He made several excuses, but his main rationale was that "in six months, we'll be upgrading to another operating system, and making dramatic changes at this point might cause more trouble than it's worth."

This appeared to be a lose/lose situation for a security manager. Do I force a confrontation with the manager or keep quiet and risk the CIO's wrath?

Pushing the Issue

I decided to respond by introducing the manager to what I call a risk accountability document. If, at the end of the day, a manager doesn't want to implement a specified corrective action to a known threat, I create a document that delineates the vulnerability, the corrective action necessary and the risk of not closing the security hole. I then ask the manager to write down the justification for why he has chosen not to perform the corrective action and sign it. That document goes to the CIO for signing. If an incident occurs based on a previously documented vulnerability, I have a document that in effect releases me from liability.

No manager is going to sign this, of course. But the process forces the manager to be accountable for the risk involved in not fixing the problem.

When the operations manager read through the document, he quickly decided that the problems were serious enough to warrant a change and committed to scheduling a retrofit of the vulnerable systems.

I decided to push my luck. I wasn't comfortable with the administrative password used on the desktop computers, I said. It was easy to guess, it didn't conform to the company's password policy, and many employees already knew the password. Future plans would incorporate the use of SecurID tokens for administrative access to systems, but until then, the password should be changed and controlled. The manager frowned, clenched his teeth and agreed to address this problem as well.

The manager was, in fact, quite embarrassed about the password issue and asked me to keep it quiet. I agreed, as long as steps were being taken to remedy the situation.

I think my method of dealing with this problem was fair and straightforward. But perhaps I could have finessed the situation somehow without forcing the manager into a corner. Have you faced a similar scenario and come up with a better solution? If so, I invite you to share your experiences in the Security Manager's Journal forum.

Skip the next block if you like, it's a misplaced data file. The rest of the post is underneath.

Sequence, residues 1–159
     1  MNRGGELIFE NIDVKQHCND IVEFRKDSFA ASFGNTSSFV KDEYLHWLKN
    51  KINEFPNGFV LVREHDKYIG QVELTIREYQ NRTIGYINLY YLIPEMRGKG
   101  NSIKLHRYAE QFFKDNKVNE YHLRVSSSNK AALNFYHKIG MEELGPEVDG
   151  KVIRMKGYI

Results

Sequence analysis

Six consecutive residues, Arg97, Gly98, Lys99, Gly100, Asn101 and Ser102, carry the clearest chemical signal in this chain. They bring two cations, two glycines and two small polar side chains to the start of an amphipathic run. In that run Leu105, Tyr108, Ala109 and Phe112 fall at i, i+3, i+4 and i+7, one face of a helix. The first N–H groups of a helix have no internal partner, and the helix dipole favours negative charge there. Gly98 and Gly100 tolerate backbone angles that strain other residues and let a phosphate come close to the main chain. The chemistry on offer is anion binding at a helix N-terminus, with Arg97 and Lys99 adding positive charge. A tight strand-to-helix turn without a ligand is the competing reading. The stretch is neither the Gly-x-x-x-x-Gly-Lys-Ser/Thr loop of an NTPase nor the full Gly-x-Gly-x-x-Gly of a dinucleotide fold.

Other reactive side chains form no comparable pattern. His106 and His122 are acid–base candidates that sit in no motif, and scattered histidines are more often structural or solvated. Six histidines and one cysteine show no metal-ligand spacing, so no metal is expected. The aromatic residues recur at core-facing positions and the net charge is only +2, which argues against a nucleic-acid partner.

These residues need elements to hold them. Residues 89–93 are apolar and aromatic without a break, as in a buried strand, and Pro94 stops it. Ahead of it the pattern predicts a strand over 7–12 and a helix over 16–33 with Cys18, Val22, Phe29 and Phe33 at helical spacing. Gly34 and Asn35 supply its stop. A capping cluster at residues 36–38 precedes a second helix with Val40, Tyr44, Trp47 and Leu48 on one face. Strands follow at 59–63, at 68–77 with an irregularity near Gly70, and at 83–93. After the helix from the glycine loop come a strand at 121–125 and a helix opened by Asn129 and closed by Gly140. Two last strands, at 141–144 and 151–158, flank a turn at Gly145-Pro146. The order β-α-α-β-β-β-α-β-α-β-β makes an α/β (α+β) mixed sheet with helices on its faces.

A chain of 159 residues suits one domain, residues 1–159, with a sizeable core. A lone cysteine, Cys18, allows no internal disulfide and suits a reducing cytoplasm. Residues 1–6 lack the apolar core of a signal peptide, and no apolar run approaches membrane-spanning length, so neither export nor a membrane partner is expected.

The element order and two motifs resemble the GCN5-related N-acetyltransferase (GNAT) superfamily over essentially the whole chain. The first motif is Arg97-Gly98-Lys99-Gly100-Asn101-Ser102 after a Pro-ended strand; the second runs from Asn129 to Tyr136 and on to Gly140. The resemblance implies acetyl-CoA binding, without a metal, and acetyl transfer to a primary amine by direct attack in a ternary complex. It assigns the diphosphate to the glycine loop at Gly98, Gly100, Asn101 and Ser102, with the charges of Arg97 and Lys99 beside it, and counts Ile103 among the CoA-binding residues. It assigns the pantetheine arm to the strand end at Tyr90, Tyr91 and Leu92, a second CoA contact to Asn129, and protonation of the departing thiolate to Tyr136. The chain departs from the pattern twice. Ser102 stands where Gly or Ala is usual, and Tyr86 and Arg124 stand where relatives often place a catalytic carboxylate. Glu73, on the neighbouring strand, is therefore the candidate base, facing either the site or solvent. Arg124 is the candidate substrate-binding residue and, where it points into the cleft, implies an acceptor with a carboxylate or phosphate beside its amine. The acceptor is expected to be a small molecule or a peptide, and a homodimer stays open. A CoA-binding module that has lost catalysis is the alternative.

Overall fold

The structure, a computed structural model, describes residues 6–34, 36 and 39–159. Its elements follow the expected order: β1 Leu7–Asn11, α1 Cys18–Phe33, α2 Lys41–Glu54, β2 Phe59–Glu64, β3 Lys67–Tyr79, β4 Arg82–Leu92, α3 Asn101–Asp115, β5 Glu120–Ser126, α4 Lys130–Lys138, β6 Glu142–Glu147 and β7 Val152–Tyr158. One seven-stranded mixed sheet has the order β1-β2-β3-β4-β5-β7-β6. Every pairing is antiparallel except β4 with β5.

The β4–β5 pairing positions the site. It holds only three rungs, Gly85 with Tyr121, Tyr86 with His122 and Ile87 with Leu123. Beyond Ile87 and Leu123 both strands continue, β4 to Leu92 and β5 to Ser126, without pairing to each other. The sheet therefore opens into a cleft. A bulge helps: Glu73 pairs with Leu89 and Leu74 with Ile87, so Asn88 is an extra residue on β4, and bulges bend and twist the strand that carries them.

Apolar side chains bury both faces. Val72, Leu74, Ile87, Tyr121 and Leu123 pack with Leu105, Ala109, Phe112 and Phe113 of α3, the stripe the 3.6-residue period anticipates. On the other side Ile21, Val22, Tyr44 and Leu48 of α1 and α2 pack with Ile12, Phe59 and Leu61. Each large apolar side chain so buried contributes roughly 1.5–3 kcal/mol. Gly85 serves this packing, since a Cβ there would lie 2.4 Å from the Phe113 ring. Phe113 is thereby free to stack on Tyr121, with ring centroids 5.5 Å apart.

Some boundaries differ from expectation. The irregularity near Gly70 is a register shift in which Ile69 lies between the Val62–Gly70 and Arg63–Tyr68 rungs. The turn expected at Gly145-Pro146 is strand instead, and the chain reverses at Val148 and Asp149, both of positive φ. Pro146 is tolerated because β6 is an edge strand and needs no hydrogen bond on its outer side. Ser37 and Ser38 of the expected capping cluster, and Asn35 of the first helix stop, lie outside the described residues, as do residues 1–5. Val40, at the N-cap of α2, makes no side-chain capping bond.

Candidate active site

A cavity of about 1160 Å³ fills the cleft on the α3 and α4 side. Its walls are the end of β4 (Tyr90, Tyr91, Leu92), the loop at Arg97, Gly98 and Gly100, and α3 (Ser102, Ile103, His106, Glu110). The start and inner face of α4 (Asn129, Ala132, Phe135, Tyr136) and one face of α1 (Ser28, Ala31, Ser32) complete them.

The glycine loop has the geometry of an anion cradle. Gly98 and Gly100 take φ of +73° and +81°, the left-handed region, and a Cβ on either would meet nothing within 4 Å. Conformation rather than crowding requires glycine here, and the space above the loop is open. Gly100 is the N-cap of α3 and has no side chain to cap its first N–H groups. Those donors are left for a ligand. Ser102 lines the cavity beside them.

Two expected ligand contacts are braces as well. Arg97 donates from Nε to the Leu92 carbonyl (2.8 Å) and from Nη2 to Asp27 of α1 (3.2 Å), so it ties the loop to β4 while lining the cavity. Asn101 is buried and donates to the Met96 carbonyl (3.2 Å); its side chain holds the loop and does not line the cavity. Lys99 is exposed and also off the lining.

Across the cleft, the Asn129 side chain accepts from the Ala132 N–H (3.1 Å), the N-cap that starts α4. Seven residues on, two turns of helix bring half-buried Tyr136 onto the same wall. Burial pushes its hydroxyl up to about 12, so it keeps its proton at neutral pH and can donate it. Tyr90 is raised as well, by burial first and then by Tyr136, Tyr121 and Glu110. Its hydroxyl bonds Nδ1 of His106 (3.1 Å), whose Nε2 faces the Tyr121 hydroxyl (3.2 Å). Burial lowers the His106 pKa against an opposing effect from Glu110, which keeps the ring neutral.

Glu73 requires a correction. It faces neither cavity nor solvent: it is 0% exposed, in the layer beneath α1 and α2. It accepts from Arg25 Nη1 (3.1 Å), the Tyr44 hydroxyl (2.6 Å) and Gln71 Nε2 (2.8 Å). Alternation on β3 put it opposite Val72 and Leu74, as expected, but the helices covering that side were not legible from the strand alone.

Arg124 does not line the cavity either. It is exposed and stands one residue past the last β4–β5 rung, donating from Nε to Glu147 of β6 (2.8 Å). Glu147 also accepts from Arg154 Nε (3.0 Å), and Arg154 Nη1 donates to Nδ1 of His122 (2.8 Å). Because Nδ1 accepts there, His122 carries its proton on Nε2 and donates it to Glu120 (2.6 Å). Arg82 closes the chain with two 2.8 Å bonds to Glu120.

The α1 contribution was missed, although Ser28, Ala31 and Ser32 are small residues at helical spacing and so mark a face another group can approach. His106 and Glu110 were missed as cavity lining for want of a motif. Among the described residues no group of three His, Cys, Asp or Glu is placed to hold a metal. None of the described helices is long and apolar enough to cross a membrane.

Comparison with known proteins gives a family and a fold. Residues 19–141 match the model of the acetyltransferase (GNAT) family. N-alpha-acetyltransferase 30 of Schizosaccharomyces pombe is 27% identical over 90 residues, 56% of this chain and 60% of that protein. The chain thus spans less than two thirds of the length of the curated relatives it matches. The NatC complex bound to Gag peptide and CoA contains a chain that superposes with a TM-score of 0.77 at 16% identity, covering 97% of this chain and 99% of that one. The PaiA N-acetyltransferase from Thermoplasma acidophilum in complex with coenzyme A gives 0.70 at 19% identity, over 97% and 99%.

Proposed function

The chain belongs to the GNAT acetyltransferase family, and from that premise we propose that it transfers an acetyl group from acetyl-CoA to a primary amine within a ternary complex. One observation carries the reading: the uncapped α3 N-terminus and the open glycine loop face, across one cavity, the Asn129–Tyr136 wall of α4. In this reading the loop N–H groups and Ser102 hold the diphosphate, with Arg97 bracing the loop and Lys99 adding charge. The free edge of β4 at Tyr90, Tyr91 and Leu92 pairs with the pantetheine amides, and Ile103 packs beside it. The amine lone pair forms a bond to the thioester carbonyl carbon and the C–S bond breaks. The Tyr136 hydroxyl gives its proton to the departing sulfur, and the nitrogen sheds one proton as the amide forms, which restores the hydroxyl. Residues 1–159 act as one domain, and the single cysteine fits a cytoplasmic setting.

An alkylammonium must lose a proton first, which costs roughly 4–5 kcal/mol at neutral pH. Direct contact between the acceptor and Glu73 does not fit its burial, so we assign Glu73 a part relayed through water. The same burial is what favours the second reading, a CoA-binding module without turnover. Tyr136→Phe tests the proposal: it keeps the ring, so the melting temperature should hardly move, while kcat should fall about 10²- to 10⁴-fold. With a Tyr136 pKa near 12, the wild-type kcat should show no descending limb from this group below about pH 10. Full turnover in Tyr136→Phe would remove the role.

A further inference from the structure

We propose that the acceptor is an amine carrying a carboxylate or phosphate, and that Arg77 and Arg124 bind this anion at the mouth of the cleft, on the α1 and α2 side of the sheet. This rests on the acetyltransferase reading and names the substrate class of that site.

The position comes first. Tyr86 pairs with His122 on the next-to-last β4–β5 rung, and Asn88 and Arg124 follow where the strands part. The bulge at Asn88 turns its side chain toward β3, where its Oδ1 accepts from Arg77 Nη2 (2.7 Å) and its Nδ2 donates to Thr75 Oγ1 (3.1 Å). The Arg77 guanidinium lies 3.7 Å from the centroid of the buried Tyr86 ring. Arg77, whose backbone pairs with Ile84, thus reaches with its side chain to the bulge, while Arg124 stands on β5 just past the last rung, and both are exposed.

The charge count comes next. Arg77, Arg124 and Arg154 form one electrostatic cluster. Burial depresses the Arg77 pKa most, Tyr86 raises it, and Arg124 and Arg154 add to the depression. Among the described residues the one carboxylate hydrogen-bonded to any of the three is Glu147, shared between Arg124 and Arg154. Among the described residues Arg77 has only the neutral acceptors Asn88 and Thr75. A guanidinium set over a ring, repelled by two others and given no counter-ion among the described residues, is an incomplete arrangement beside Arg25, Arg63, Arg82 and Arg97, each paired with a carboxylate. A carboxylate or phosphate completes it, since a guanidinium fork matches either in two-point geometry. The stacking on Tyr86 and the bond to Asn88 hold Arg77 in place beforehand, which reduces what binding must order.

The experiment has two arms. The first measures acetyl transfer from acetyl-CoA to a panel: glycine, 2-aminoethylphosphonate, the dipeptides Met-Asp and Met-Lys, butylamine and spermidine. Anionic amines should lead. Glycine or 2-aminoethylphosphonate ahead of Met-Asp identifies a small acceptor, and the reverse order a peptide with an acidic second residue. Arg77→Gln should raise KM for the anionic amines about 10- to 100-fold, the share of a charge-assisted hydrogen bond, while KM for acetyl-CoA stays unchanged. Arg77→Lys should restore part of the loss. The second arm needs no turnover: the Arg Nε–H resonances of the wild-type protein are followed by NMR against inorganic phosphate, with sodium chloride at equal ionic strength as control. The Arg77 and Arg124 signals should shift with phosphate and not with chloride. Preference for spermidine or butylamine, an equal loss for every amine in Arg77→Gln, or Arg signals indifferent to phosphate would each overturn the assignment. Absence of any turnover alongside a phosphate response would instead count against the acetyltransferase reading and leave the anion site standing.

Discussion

Securing Windows NT/2000 Servers for the Internet by Stefan Norberg and Deborah Russell (O'Reilly & Associates Inc., 2000): O'Reilly continues to produce excellent reference material, and this book is another example. If you are responsible for Windows NT or 2000 security, this book is a must-read. The authors provide details on many of the core elements of Windows security, from services to profiles and general best practices. Rather than simply telling the reader to check this box or stop that service, they describe the purpose of the service or option and any ramifications of disabling it. One caveat: The book doesn't include information on securing Internet Information and Enterprise management software suites such as IBM's Tivoli product and Computer Associates International Inc.'s Unicenter are powerful tools for implementing and managing security configuration changes across desktop and server The source for the Nessus remote-scanning tool, which is available for Windows or Unix I used Internet Security Systems Inc.'s Internet Scanner in my security assessment. You'll find more information about it here.